The Quote Garden ™
“I dig old books.” ™
Quotations about Fireflies,
Lightning Bugs, & Glowworms
Welcome to my page of quotations about glowing insects and bioluminescent bugs. I've never seen a magical night of fireflies in person, but it's on my bucket list! –ღTerri
Scorn not thy narrow task. For He who made
The brilliant stars and moon to gild the night,
Placed the small glow-worm in earth's woodland shade,
And bade her too shed forth her tiny light.
~Fanny Charlotte Wyndham Montgomery (1820–1893), "When with a tired soul," 1846
Fireflies should have a more poetic name. I often wonder what is the physiological explanation of the luminosity of the lightning-bug or the glowworm, that intermittent, palpitant lamp that seems miraculous yet is a myriad nightly spectacle. There is no spectacle more beautiful than a dark lawn on a Southern night, when countless fireflies are showing their dartling golden beams, like little living stars that lose their way and waver in a futile search for it. ~Dorothy Scarborough, "Entomology on a Country Porch," From a Southern Porch, 1919 [a little altered –tg]
A little light is going by,
Is going up to see the sky,
A little light with wings.
I never could have thought of it,
To have a little bug all lit
And made to go on wings.
~Elizabeth Madox Roberts (1881–1941), "Firefly (A Song)," c. 1920
No child but must remember laying his head in the grass, staring into the infinitesimal forest, and seeing it grow populous with fairy armies. ~Robert Louis Stevenson, Essays in The Art of Writing
I wish I were a glow worm,
A glow worm’s never glum.
’Cuz how can you be grumpy
When the sun shines out your bum?
To a child's eye a lightning-bug outshines the brightest fixed star. ~O. P. Fitzgerald, "Started in the World," Judge Longstreet: A Life Sketch, 1891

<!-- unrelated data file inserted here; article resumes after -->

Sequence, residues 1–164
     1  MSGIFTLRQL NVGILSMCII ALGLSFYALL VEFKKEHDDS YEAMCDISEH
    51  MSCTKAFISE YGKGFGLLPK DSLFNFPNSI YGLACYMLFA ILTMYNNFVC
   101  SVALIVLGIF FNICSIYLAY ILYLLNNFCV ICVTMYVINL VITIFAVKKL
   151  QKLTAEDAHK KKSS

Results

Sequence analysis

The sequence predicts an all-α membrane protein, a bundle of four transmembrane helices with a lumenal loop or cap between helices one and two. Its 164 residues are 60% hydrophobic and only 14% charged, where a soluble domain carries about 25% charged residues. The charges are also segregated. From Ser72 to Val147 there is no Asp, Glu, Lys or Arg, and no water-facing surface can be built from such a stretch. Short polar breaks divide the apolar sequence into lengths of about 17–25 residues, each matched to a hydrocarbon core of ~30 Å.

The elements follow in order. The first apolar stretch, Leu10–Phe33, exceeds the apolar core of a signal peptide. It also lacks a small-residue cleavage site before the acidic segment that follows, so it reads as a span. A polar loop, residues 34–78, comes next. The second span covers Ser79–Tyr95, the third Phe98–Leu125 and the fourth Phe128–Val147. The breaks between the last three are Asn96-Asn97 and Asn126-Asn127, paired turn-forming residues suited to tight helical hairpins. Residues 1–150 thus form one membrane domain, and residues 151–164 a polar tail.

And through the trees, yon failing ray
Will scantly serve to guide our way.
Yet mark! as fade the upper skies,
Each thicket opens ten thousand eyes.
Before, beside us, and above,
The fire-fly lights his lamp of love,
Retreating, chasing, sinking, soaring,
The darkness of the copse exploring...
~Reginald Heber (1783–1826), "An Evening Walk in Bengal," in The Ladies' Monthly Museum, February 1828
The Sun's Great Beacon gives the Planets Day;
A Firefly's Lantern lights a Firefly's Way.
~Arthur Guiterman, "Of Stars," A Poet's Proverbs, 1924
How wonderful if we human beings could have such power of emitting light as do the fireflies, — a sort of personal flash to be turned on at will! How it would aid one on dark streets at night, how advantageous for finding lost articles in the hall closet, how tremendously helpful for locating the elusive keyhole at midnight! Yet maybe the cost of upkeep for that light would be too great. Before I had it installed in me, I should wish to have an estimate as to how much of my vitality would be expended to keep it burning. We have no power of knowing what that firefly sacrifices to furnish illumination. ~Dorothy Scarborough, "Entomology on a Country Porch," From a Southern Porch, 1919
The fireflies o'er the meadow
In pulses come and go...
O wild and wondrous midnight,
There is a might in thee...
~James Russell Lowell (1819–1891), "Midnight," 1842
The lightning bug is brilliant,
But he hasn't any mind;
He blunders through existence
With his headlight on behind...
But the measuring worm is different,
When he starts after pelf,
He stretches to the limit,
And then he humps himself.
~Author unknown, c. 1898
Fireflies flicker in the tops of trees,
Flicker in the lower branches,
Skim along the ground.
Over the moon-white lilies
Is a flashing and ceasing of small, lemon-green stars.
As you lean against me,
The air all about you
Is slit, and pricked, and pointed with sparkles of lemon-green flame
Starting out of a background of vague, blue trees.
~Amy Lowell, "July Midnight," Pictures of the Floating World, 1919
Don't mistake vivacity for wit, thare iz about az much difference az thare iz between lightning and a lightning bug. ~Josh Billings, "Hash on Toast," Josh Billings’ Farmers’ Allminax, January 1871
The difference between the almost right word and the right word is really a large matter — it's the difference between the lightning bug and the lightning. ~Mark Twain, letter to George Bainton, 1888
Original post date 2004 May 23
Revised 2016 Jul 7, 2019 Oct 28
Last saved 2021 Feb 21 Sun 20:37 PST